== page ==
A couple of billion people in the developing world lack modern fuels and electricity. This kills such people prematurely, among other reasons, because they cook and heat their homes with wood and animal excrement, which create deadly indoor air pollution. They lack access to modern cheap, reliable, and potentially clean energy (that is, fossil fuels) because their governments create obstacles and arrogant Western politicians egged on by rich social activists block their access–without justification but much irony–in the name of protecting the planet.
When I see four of those yard signs on my morning walk, I chuckle. If I’m in a mischievous mood I might someday suggest a couple of memes that the owners might add. I could embrace all of those memes, but not without some qualification and in several cases, a good deal of qualification. But […]
I don’t know if we’re in the heyday of questioning the motives of people we disagree with rather than simply rebutting them–character assassination, that is–but it’s got me wondering why this is such a popular pastime these days.
Risk is integral to life, social life included. As Thomas Sowell puts it, there are no solutions, only trade-offs–you can’t do only one thing. So each of us does cost-benefit analyses all the time in everyday life.
Before we can decide whether something is good or bad, we need a standard. Good for what or whom? Moreover, in environmental matters it makes a difference whether you see mankind as an invader and destroyer of benignly stable nature or as a species that flourishes by taming often dangerously volatile nature, that is, making it a safer, more hospitable place.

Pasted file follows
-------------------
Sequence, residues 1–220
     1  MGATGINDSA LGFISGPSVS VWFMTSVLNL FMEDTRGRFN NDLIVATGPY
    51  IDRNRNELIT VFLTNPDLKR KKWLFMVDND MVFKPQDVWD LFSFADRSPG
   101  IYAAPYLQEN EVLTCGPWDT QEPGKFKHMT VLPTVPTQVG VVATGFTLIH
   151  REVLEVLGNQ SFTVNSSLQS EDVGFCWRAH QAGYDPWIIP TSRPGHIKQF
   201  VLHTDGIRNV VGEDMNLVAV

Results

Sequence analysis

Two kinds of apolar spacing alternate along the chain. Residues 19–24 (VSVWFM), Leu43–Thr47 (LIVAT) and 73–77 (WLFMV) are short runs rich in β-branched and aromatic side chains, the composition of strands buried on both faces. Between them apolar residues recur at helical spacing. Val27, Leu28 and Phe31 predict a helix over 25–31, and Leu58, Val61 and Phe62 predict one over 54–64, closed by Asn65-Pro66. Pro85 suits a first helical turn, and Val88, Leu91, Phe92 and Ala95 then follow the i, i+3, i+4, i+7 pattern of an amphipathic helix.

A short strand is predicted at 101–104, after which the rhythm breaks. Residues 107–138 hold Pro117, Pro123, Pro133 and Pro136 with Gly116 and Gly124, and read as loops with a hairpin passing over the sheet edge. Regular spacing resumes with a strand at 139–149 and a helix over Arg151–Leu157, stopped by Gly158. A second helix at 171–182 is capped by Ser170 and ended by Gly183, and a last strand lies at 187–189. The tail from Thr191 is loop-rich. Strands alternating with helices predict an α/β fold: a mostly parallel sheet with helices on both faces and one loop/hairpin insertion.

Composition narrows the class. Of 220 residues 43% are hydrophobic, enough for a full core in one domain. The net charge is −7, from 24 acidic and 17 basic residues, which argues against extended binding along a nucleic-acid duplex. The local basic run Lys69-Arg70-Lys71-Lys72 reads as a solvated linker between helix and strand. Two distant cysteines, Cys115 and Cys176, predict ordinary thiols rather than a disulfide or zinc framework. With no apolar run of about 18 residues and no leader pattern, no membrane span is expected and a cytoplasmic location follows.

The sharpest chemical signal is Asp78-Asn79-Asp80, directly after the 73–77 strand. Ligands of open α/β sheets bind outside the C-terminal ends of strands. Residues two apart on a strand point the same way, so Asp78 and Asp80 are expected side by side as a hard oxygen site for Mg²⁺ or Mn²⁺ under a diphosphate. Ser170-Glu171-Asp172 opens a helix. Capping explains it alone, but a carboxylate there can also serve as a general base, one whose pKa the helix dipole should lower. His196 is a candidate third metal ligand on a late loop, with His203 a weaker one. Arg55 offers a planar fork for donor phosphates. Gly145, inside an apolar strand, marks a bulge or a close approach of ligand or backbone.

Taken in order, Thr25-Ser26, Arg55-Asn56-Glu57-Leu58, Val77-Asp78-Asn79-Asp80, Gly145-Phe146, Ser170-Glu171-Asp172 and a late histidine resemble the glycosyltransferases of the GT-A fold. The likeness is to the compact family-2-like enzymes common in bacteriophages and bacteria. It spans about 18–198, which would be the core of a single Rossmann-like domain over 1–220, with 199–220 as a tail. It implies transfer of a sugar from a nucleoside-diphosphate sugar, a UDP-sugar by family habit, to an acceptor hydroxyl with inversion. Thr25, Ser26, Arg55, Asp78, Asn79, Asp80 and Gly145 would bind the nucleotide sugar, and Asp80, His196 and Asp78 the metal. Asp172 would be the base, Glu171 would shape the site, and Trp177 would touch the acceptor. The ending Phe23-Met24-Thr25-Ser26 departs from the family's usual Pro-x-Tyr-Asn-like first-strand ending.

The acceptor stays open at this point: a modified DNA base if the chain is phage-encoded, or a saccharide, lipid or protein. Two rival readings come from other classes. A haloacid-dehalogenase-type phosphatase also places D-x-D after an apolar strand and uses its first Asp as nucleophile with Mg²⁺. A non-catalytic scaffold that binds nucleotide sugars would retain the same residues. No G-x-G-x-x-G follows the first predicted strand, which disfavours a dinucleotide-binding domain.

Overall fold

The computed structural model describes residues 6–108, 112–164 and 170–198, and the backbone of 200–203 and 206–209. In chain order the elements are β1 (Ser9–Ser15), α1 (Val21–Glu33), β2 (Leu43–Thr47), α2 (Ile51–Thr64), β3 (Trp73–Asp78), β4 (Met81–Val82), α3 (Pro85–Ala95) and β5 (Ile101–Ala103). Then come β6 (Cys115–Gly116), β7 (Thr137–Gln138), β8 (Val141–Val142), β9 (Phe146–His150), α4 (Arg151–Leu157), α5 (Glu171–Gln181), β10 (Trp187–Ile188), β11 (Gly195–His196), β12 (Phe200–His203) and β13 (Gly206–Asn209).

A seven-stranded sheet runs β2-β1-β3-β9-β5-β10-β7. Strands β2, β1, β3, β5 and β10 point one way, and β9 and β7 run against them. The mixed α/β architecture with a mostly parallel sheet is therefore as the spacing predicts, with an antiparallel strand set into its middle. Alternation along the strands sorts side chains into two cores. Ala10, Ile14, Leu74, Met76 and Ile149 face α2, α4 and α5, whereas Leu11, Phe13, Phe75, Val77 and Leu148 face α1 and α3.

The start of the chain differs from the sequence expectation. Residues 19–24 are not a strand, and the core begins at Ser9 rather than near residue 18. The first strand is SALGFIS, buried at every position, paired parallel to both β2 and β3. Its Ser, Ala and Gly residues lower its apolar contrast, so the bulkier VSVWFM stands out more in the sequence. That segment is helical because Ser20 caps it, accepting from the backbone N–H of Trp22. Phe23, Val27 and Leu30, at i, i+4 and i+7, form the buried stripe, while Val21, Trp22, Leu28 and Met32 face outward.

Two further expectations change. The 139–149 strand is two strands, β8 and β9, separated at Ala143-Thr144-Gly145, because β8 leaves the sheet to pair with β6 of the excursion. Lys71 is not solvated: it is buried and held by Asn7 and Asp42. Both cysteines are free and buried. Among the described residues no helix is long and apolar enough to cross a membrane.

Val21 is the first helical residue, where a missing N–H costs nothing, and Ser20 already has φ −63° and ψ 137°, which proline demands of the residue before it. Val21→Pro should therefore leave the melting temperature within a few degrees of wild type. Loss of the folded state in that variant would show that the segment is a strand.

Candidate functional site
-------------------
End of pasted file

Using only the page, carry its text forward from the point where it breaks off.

President Biden has reversed himself under pressure from his progressive flank and has given the go-ahead for a new moratorium on renter evictions throughout most of the United States for individuals making up to $99,000 a year (couples, $198,000). The twist is that Biden acknowledges that the Centers for Disease Control and Prevention (CDC), which reports to his secretary of health and human services, has no legal authority for the action.
One of the least mysterious things in life is why the government grows. The better question is why it ever shrinks.
My purpose here is not to defend or deny any particular scientific position but to question the model of science that the loudest self-declared believers in science seem to work from. Their model makes science seem almost identical to what they mean by, and attack as, religion. If that’s the case, we ought not to listen to them when they lecture the rest of us about heeding science.
The government’s K-12 schools–aka “public schools”–are once again a battleground on which a bitter dispute is playing out. Wait!–once again? The government’s schools have been a battleground since their inception in the 19th century. Since that’s where the children are, how could it have been otherwise? For an institution that was supposed to produce social unity, it’s done the exact opposite.
When a libertarian says that the most basic individual right is the right not to be aggressed against, a clever interlocutor may accuse the libertarian of begging the question, of stuffing the rabbit into the hat. The trick, the critic will say, is in the word aggress: libertarians allegedly rig the game by restricting the category of aggression to only the actions they disapprove of, thereby institutionalizing many corrupt activities.